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Cellphones United States Your Rights Online

What You Need To Know About Phone Unlocking 321

Posted by timothy
from the land-of-liberty dept.
Now that unlocking a new phone is under many circumstances illegal in the U.S. (!), Digital Trends has collected a useful set of answers outlining just what that means. As they put it, a "quick guide to answer all your why, how, and WTF questions." Among them, some explanation of the rule-making process, the reasoning that led to the end to the unlocking exception to the DMCA (including the Ninth Circuit's 2010 Vernor v. Autodesk decision), and illustrations of situations in which it is not illegal to unlock your phone.
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What You Need To Know About Phone Unlocking

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  • by Anonymous Coward on Sunday January 27, 2013 @12:09PM (#42707575)

    ...and I'll be unlocking them now that they've made it "illegal". I just don't fucking care what the United States government has to say about anything, anymore. They've lost all credibility in the eyes of most intelligent, thinking people.

  • by Anonymous Coward on Sunday January 27, 2013 @12:19PM (#42707637)

    USA needs to remove "land of the free" from their national anthem as they are plunging down the international listings of freedom.

    Why? Citizens in the US have more freedom than anywhere else on the planet.

    Don't forget, people are not citizens any more, corporations are citizens but people aren't. People are items with a value, there to be used.

  • by xaxa (988988) on Sunday January 27, 2013 @12:21PM (#42707649)

    FTA:

    Why is it illegal to unlock a smartphone?
    Because unlocking a phone requires making changes to its firmware – software that is copyrighted and owned by your carrier – which would be a violation of the Digital Millennium Copyright Act (DMCA).

    I don't understand. If I buy a book, and make some edits (cross out some paragraphs, change some words) that's not illegal. Perhaps it would be if I distributed the book (or copies of it). Selling pens to make the edits isn't illegal either.

    How is changing firmware different?

  • by Anonymous Coward on Sunday January 27, 2013 @12:22PM (#42707655)

    A lot of people would probably disagree with me on this, but while I've never bought a smartphone outright, I think I'd rather have unlocking be legal even if it meant the end of subsidized devices.

    No doubt the carriers would hate that too, though. I know they usually will, but does anyone know if a carrier is required to unlock a phone when you've lived out the associated contract term?

  • by blackest_k (761565) on Sunday January 27, 2013 @12:31PM (#42707745) Homepage Journal

    In Ireland the phone networks are legally obligated to unlock phones for free, although they are allowed to charge an administration fee (about 25 euro)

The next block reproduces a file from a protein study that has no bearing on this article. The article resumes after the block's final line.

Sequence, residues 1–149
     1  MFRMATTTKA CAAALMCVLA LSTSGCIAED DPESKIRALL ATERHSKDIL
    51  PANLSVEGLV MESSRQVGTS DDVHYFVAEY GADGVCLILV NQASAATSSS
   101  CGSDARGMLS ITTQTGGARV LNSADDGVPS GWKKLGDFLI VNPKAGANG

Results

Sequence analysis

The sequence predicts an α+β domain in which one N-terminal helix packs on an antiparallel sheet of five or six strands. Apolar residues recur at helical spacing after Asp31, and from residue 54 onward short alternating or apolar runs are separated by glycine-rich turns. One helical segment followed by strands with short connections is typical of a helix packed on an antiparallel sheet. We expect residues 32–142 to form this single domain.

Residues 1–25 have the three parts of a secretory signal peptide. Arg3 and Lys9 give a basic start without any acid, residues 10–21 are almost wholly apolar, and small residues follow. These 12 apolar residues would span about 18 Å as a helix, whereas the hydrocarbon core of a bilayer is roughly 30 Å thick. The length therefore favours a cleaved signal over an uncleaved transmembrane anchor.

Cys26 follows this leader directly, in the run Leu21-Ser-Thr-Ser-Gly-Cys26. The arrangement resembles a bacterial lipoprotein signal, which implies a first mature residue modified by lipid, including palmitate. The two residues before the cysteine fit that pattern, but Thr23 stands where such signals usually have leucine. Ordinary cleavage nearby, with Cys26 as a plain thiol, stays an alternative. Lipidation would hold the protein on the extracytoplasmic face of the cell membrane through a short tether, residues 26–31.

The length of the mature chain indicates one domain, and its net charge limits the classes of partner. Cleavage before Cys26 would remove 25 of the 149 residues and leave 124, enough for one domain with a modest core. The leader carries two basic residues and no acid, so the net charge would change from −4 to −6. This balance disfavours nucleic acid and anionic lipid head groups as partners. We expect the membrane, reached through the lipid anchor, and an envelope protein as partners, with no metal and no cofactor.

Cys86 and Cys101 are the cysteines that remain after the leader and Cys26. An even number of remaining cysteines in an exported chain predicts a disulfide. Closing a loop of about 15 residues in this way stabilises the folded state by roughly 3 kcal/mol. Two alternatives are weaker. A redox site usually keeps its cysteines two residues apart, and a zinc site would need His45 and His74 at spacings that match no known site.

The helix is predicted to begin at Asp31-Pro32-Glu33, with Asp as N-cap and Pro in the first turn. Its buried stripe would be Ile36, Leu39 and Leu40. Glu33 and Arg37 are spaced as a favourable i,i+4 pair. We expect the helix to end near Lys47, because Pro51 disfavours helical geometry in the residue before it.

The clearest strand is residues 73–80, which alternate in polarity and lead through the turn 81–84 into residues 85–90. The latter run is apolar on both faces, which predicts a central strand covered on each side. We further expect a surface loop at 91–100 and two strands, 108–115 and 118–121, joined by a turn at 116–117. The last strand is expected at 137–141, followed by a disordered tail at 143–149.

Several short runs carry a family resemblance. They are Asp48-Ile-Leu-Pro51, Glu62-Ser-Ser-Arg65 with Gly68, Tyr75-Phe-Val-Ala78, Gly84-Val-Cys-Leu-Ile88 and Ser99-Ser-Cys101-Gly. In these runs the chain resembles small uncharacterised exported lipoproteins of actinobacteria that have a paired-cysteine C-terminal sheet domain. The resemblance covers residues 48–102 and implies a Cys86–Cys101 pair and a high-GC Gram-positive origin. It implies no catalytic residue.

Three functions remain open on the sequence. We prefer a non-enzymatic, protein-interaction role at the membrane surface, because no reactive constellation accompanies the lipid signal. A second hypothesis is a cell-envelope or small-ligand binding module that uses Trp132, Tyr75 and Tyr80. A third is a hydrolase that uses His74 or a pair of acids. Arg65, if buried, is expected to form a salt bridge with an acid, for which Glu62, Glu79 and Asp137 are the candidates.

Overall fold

• Not viable (Score:5, Interesting)

    by xenobyte (446878) on Sunday January 27, 2013 @12:40PM (#42707801)

    The locked subsidized phone model is not viable, at least not here in Denmark.

    A year or so ago all the major carriers here agreed that they would stop the subsidizing and thus the locking of new phones. The value of the phone simply did not match how much the forced subscription (6 months) would yield and as many customers simply switched phone and carrier every 6 months, they consistently lost money.

    So now you either pay the full price for the new phone or in installments on your phone bill. If you end your subscription after the first 6 months but before the phone was paid for, you had to pay the remainder in order to end the contract. Simple and avoids the creation of stupid laws to fix a broken business model.

  • by kurt555gs (309278) <kurt555gs@nOSPAm.ovi.com> on Sunday January 27, 2013 @12:51PM (#42707875) Homepage

    I noticed you say " consumer ". With laws like the DMCA, you are just that, and not a " customer ".

  • by Cinder6 (894572) on Sunday January 27, 2013 @01:08PM (#42708051)

    Why is it illegal to unlock a smartphone?
    Because unlocking a phone requires making changes to its firmware – software that is copyrighted and owned by your carrier – which would be a violation of the Digital Millennium Copyright Act (DMCA).

    IANAL, but I'm confused. I thought the "point" of the DMCA was to crack down on copyright violations. Code modification would be a DMCA violation if it allowed you to violate copyright, such as bypassing DRM.

    "Changing" the copyrighted carrier code doesn't seem to violate copyright, as I understand it, as you are not under legal obligation to use a particular carrier (there's even a clause that allows you to break contract, for a price). Also, what "changes" does the unlocking process commit? If it's simply code removal, then, simply uninstalling a game from your computer is a DMCA violation by extension.

    Of course, I'm trying to make sense of something that is inherently illogical. Why is this a DMCA violation, and modding Skyrim isn't? Or is modding Skyrim a violation, and Bethesda simply allows it?

I've never been canoeing before, but I imagine there must be just a few simple heuristics you have to remember... Yes, don't fall out, and don't hit rocks.

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